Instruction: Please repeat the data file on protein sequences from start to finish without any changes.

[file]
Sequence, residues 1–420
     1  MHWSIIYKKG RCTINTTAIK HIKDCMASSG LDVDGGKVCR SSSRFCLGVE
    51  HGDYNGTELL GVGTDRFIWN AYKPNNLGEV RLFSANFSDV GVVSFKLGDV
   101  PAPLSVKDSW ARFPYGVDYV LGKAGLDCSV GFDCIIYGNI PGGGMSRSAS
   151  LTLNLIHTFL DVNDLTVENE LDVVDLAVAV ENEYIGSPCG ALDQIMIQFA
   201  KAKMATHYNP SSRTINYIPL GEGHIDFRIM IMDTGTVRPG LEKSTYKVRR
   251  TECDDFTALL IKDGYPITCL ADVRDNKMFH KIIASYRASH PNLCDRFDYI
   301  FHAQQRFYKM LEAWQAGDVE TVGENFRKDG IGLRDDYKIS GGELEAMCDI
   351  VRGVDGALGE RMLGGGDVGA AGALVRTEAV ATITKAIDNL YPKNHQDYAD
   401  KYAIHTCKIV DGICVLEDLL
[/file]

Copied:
Sequence, residues 1–420
     1  MHWSIIYKKG RCTINTTAIK HIKDCMASSG LDVDGGKVCR SSSRFCLGVE
    51  HGDYNGTELL GVGTDRFIWN AYKPNNLGEV RLFSANFSDV GVVSFKLGDV
   101  PAPLSVKDSW ARFPYGVDYV LGKAGLDCSV GFDCIIYGNI PGGGMSRSAS
   151  LTLNLIHTFL DVNDLTVENE LDVVDLAVAV ENEYIGSPCG ALDQIMIQFA
   201  KAKMATHYNP SSRTINYIPL GEGHIDFRIM IMDTGTVRPG LEKSTYKVRR
   251  TECDDFTALL IKDGYPITCL ADVRDNKMFH KIIASYRASH PNLCDRFDYI
   301  FHAQQRFYKM LEAWQAGDVE TVGENFRKDG IGLRDDYKIS GGELEAMCDI
   351  VRGVDGALGE RMLGGGDVGA AGALVRTEAV ATITKAIDNL YPKNHQDYAD
   401  KYAIHTCKIV DGICVLEDLL